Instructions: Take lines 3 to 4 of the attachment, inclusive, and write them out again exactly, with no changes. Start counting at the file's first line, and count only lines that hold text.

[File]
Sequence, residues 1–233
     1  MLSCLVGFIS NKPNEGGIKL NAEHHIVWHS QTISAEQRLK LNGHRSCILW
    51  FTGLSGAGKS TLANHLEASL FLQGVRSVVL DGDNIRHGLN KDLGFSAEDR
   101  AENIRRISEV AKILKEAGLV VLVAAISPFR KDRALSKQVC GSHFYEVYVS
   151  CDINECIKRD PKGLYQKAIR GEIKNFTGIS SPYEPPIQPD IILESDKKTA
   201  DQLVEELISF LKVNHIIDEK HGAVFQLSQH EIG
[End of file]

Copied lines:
    51  FTGLSGAGKS TLANHLEASL FLQGVRSVVL DGDNIRHGLN KDLGFSAEDR
   101  AENIRRISEV AKILKEAGLV VLVAAISPFR KDRALSKQVC GSHFYEVYVS